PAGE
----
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The Set of 400: #131 – My Favorite Coughing Endorsement

Today! Because to her dumb country ass, Compton is Hollywood. Closest she’s ever been anyway –

Jackie Brown (1997)

Directed by Quentin Tarantino (x2)

Starring Pam Grier (x2), Samuel L. Jackson (x5), Robert Forster (x2), Robert De Niro (x3), Bridget Fonda, Michael Keaton (x7), Chris Tucker (x2), Michael Bowen (x2), Tiny Lister (x2), LisaGay Hamilton, Hattie Winston, Sid Haig

To say I had been looking forward to Jackie Brown is woefully understating the situation in late 1997. It had been three years – three long formative years – since Pulp Fiction came out, and my whole cinematic outlook had gone through aggressive changes. I mean, going from 15 to 18 years old is going to have its own inherent alterations in lifestyle and tastes, but as I’ve said before, most of my film watching preferences were psychically embedded during this period of time. And PF was as close as anything to the heart of this transformation, so Tarantino finally bringing us his third film was a cause for celebration. Hell, it was a landmark event. It was the goddamn moon landing.

Never mind it was the return of national treasure Pam Grier

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The Set of 400: #354 – My Favorite Matchbook Clue

Today! Because a man becomes preeminent, he’s expected to have enthusiasms. What are mine? Baseball!

The Untouchables (1987)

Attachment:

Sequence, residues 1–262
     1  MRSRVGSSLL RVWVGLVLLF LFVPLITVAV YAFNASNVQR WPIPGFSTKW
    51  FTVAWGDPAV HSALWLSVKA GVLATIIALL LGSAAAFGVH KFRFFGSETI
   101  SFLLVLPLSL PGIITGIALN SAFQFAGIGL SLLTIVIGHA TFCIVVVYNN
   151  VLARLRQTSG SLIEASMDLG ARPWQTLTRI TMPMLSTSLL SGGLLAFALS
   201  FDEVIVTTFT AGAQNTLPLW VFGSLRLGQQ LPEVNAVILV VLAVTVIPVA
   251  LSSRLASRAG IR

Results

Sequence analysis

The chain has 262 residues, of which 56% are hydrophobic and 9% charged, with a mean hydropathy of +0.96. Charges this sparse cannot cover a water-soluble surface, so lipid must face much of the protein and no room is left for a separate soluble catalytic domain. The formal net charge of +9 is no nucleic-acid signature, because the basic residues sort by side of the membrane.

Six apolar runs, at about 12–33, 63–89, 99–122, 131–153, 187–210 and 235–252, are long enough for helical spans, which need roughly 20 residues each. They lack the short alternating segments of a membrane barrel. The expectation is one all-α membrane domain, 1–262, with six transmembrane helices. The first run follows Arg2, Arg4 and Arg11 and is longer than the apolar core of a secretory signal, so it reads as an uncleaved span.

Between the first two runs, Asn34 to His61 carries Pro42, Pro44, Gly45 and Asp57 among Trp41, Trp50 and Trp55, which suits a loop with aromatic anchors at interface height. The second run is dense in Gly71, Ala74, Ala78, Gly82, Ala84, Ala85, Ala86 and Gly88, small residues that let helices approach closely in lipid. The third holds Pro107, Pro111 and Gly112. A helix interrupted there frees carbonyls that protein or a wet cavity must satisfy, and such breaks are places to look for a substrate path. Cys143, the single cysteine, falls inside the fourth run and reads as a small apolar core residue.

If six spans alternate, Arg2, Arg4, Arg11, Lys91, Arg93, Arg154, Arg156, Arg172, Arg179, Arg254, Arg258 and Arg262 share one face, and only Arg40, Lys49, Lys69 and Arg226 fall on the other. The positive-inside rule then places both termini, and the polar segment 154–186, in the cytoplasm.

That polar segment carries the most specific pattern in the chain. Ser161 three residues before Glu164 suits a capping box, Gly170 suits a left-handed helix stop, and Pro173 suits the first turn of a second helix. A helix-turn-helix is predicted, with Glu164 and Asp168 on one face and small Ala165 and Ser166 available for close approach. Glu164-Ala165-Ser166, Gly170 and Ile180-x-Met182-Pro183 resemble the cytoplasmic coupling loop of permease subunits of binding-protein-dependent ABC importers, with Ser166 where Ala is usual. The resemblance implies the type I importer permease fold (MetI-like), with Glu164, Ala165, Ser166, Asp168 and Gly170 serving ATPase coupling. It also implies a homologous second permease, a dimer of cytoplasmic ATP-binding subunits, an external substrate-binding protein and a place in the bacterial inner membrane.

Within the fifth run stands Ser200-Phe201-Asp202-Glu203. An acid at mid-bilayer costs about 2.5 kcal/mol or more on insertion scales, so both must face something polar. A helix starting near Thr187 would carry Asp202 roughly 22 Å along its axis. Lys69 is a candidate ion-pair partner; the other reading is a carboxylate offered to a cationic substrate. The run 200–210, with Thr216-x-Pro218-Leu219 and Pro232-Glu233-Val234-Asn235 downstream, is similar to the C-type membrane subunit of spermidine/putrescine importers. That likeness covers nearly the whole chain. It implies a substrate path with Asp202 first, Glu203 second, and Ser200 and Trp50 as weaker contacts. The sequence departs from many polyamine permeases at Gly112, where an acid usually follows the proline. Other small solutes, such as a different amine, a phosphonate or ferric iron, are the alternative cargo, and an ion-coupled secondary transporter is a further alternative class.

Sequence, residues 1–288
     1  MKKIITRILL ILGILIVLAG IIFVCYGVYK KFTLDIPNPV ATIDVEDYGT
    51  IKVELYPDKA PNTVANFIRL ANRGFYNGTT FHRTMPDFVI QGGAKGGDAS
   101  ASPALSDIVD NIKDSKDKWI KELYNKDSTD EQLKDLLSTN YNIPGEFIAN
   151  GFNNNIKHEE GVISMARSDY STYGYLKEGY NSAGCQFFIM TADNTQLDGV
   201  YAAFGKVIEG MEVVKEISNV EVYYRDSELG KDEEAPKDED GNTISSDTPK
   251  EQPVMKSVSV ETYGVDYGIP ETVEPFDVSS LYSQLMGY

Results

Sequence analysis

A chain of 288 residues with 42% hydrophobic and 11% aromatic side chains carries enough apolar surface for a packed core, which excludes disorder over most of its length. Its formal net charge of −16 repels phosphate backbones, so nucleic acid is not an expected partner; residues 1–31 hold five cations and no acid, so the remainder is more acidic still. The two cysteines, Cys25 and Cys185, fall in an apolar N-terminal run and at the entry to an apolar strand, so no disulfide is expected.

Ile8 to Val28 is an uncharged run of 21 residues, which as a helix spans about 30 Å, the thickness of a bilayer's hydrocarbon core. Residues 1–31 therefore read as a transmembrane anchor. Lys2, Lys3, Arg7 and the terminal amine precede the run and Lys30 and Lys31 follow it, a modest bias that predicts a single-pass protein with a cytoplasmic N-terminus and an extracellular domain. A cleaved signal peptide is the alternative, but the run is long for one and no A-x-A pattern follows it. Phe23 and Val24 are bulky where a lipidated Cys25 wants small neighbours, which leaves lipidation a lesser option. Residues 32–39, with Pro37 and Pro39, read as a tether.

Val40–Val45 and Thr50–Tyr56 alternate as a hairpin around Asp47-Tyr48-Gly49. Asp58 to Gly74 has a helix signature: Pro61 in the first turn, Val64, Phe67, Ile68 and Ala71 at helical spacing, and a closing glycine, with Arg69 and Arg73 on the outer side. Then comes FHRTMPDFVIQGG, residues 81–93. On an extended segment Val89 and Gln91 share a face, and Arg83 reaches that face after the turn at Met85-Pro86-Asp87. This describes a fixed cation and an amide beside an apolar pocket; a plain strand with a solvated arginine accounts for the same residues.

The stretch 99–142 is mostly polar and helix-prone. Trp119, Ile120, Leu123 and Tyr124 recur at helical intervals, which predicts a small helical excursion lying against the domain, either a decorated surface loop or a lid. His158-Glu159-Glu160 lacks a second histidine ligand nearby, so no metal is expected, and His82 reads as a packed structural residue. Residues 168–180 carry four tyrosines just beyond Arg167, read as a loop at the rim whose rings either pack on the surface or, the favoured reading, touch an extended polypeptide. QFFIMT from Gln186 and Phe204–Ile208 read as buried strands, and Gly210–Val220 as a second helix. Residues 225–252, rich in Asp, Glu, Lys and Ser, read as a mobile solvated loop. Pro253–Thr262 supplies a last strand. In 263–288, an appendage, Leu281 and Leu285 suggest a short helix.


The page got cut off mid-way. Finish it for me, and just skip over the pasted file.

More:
Directed by Brian De Palma (x2)

Starring Kevin Costner (x2), Sean Connery (x2), Robert De Niro (x2), Andy Garcia, Charles Martin Smith, Jack Kehoe, Billy Drago, Patricia Clarkson, Richard Bradford, Brad Sullivan, Chelcie Ross, Clifton James, Del Close, Don Harvey

Brian De Palma’s second TV show adaptation to make the list, The Untouchables is in many ways the quintessential Chicago film. I mean, for all the basic improvement made here over the last hundred years, the two things you still hear most when the town comes up are the Great Fire and Al Capone. And while In Old Chicago is an okay bit of old Hollywood hokum about Mrs. O’Leary’s cow, it’s not in common cinematic parlance. Al Capone, however, has a new biopic or pops up in some TV show every year or two, right? When we were in London last year, and some waiter asked where we were from, the first thing he mentioned in response? Al Capone. Who has been dead for 70 years.

Chicago icon!

And not to continue too far down this path, but Chicago doesn’t even actively try to embrace the gangster past here. Sure, there’s a cheesy Untouchables Gangster Bus Tour, but no museums, no Al Capone key chains at any of the more official city gift shops. And yet, it hangs on. People like gangster movies, that’s the only explanation. Continue reading

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The Set of 400: #360 – My Favorite Movie Theater Cigar

Today! Because granddaddy used to handle snakes in church, Granny drank strychnine –

Cape Fear (1991)

Directed by Martin Scorsese

Starring Robert De Niro, Nick Nolte, Jessica Lange, Juliette Lewis, Joe Don Baker, Fred Thompson, Robert Mitchum, Gregory Peck, Illeana Douglas, Martin Balsam (x2)

A terrifically tense, harrowing suspense thriller, for about an hour and a half, before collapsing into ludicrously violent madness. Sure, there were certain things Scorsese was locked into doing with Cape Fear, considering it’s a remake and all, but man, some of the choices made are…well, extreme. I think it comes at an interesting point in his career, and De Niro’s too. Figure, both were coming off of Goodfellas, which should’ve finally been the movie Marty won all the Oscars for, but instead it got screwed royally (I’m never forgiving anyone for Dances With Wolves), and through some manner of lashing out, we got Cape Fear. The directing is so intense it borders on intrusive, especially in the first half hour, but it does make for some pretty artsy handling of an otherwise straightforward crime thriller.

De Niro’s tattoos alone are so over-the-top as to question the sanity of everyone involved